ANDREW MOTION Biography - Famous Poets and dancers


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Andrew Motion's lifelong interest in John Keats recently culminated in his           
acclaimed biography of the poet, the first for 30 years. Ever since Shelley's       
Adonais presented Keats as a gilded youth driven to an early death by vitriolic     
reviews, this popular image has distorted reality: " All important writers need     
to be re-evaluated at least once every generation; just as history evolves, so       
different things about people become interesting and problematical, " explains       
In an attempt to breach the barrier time imposes, in 1995 Motion embarked on a       
voyage retracing Keats' last journey to Italy in the autumn of 1820. In the         
final throes of tuberculosis Keats sailed from London. Leaving behind his           
beloved Fanny Brawne and, so he thought, all hopes of poetic immortality.           
Accompanied halfway by an Omnibus camera crew, Motion describes the journey as "     
the most interesting thing I've ever done in my life. " It did however, bring an     
inevitable sense of separation as well as an opportunity to empathise with his       
subject, as he notes in his work;" There is Keats signalling to me from 200         
years away. He is writing something down, throwing it forward for me to catch.       
Now he is speaking… But the wind and waves drown what he says; his voice never     
reaches me." The book's last 50 pages- chronicling Keats' final days- have a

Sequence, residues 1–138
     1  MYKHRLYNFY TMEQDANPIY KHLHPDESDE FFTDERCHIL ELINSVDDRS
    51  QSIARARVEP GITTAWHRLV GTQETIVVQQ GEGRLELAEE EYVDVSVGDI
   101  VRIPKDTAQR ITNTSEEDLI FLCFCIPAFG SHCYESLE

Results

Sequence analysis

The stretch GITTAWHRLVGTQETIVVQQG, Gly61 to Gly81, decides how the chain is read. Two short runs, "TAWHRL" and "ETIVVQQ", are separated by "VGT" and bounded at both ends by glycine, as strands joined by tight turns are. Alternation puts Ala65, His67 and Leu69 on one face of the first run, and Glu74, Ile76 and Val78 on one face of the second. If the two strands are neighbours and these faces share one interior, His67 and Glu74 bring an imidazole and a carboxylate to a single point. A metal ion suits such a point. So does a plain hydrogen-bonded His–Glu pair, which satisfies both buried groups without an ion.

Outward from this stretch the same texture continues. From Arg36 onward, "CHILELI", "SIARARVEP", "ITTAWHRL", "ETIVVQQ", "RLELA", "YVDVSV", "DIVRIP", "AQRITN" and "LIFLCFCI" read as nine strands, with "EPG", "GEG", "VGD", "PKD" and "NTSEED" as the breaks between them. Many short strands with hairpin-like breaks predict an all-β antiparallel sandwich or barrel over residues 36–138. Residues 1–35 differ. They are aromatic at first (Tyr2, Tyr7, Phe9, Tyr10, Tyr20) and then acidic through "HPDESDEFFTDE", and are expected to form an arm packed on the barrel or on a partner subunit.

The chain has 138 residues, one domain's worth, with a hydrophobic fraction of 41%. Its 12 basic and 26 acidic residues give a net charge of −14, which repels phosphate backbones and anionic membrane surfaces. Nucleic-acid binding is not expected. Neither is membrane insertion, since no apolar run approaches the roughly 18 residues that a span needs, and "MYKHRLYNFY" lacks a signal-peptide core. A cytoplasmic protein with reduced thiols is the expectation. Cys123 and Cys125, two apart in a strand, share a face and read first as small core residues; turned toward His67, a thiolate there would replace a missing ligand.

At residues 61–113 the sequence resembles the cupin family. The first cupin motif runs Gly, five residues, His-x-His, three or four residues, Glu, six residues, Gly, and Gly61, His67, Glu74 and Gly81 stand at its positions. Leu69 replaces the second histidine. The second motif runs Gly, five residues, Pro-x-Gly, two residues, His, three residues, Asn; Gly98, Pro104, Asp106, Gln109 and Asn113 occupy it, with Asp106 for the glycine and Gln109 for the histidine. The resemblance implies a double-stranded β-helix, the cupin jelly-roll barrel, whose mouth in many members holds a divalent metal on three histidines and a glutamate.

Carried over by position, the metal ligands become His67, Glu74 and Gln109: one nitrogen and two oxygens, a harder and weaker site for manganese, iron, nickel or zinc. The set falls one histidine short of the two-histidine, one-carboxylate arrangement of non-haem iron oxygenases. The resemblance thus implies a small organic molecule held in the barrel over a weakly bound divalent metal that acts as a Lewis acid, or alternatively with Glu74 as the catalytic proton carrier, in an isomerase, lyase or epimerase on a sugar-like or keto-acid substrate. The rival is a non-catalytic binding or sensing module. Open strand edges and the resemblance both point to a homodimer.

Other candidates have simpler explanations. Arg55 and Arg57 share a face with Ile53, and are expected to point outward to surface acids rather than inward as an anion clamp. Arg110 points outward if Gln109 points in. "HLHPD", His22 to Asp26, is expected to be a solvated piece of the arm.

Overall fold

lyrical momentum deepened by Motion's discovery of his own serious illness.         
Later diagnosed with a benign tumour, the experience heightened his sense of "       
time repeatedly running out…I did think about Keats' final illness in ways I       
wouldn't have usually. I'm sure that it made the book better, more intense but I     
thought it was carrying research too far!"                                           
Keats initially trained as a doctor and long believed in poetry's healing           
capacities, an aspect the book emphasises. Motion firmly endorses this; " I can     
think of no higher ambition for my work than that it might be a comfort to           
people in moments of extremity. I have tried to write poems that address the big     
emotions of life." Salt Water, his 1997 volume, tackles just such universal         
themes as it explores both the destructive and redemptive qualities of water. At     
the very moment he celebrates the "dazzling cross-hatchery of traffic and           
currents," the image of a friend drowned on the Marchioness swirls into mind.       
" My background is very unbookish indeed, " he maintains. " My father was a         
brewer like his brother and his grandfather before him. There were books at home     
but no-one read them." Motion believes the impulse to become a poet springs from     
an intuitive source. " In some measure, being a poet is something that's given       
to you. It's a primitive, visceral, purely emotional thing with me. This is why     
Keats' idea of diligent indolence is so valuable- creative downtime when your       
intellect isn't working. I write every month or six weeks and worry if I'm late!"   
Today Motion maintains twin careers as poet and biographer; his authorised study     
of Philip Larkin, drawn from personal knowledge, won a Whitbread Prize in 1993.     
Larkin and Keats seem to occupy antithetical positions in the poetical spectrum:     
"Keats is certainly easier to live with as he said yes to life! But Larkin's         
poems, with their wonderful quality, depend on him saying no; you can't wish he'd   
cheered up because that would be fatuous!"